Once you have made the decision to sell your property, there are some simple steps you can take to increase your chances of obtaining the maximum price. Your home’s appearance when placed on the market can influence both the speed of sale, and the final selling price achieved. Spending a little time and money to prepare your house for sale is one of the best ways to get ahead of your competition. Here is our ten-step approach to getting your property ready.
1. First Impressions Last
The most important rule is that first impressions last. House buying is as much an emotional decision as a logical one. People tend to make up their minds within the first few minutes about whether they like a property. However, after this initial emotional response, buyers start to look for reasons why they shouldn’t proceed, or why they should offer less money. It’s human nature. The logical side of the brain kicks in when buyers realise they are about to make one of the largest financial commitments of their lives. Therefore, to tap into both the emotional and logical aspects of the purchase decision, you should focus on two things when preparing your property;
- Ensure that potential buyers quickly recognise the positive aspects about your property
- Eliminate any distractions that might dissuade a buyer to make an offer.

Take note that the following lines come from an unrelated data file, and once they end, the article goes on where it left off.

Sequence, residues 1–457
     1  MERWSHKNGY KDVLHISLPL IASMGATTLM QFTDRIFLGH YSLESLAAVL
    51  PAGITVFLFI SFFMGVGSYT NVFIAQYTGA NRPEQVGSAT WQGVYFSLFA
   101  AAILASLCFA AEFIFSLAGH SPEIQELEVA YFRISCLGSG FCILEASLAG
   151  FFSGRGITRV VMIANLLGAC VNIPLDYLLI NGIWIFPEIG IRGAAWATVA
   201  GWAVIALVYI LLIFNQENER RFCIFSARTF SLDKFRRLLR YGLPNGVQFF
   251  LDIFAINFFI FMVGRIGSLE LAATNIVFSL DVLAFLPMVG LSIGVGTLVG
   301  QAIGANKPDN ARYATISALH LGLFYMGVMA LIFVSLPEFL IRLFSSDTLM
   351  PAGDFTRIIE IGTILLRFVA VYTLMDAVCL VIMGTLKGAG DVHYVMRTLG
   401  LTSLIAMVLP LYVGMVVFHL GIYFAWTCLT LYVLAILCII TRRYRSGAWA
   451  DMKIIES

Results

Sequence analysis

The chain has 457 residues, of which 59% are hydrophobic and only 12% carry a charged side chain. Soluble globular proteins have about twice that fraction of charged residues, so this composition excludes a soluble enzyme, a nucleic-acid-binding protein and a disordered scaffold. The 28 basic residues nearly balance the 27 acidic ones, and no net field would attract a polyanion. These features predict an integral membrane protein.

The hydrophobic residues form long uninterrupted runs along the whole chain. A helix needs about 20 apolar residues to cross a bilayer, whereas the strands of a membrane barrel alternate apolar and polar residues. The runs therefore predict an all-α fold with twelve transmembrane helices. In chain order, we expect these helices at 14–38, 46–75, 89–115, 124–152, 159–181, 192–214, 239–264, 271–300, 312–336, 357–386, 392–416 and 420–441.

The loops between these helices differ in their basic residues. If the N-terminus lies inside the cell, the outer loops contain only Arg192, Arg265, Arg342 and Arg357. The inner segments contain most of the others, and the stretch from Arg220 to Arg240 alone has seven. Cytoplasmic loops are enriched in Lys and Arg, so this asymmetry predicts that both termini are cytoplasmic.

2. Be prepared
When you make the decision to sell your home, start the preparations early so that by the time photographs are taken and viewings commence, your home is presented in the best possible light. Also, keep in mind that despite the best plans, viewings are sometimes arranged at short notice – so you should be prepared for this.
This is possibly one of the most important steps in preparing your property for sale. Buyers will want to “visualise” themselves in your home. Decluttering serves two useful purposes – it can make a room look bigger, and it can remove distractions from the mind and eye of the buyer. Certainly don’t make your home feel like a hotel room, leave some personality to it, but give people the opportunity to visualise how a room would look with their items and possessions in it. For example;
- Get rid of, or put into storage, any excess things that are laying around but serve no useful purpose.
- Ensure all surfaces, sinks etc are clear and tidy.
- Remove, or put into storage, any furniture that is oversized for the room or serves no real purpose.
- Make sure only essential toiletries are on display in bathrooms.
- Also remember to declutter cupboards. One of the key thing’s buyers look for is whether there is enough storage space. Having each cupboard jammed full will potentially give a buyer a cause for concern.
- Don’t have bikes, pushchairs etc in the hallway. Make it easy for potential buyers to move around the property without undertaking an obstacle course.
4. Deep Clean
Undertake a deep clean of the property and maybe think about a professional carpet clean. Clean all windows, curtains, descale sinks and baths. Once everything is clean and fresh, try to maintain the property in that state through the viewing process.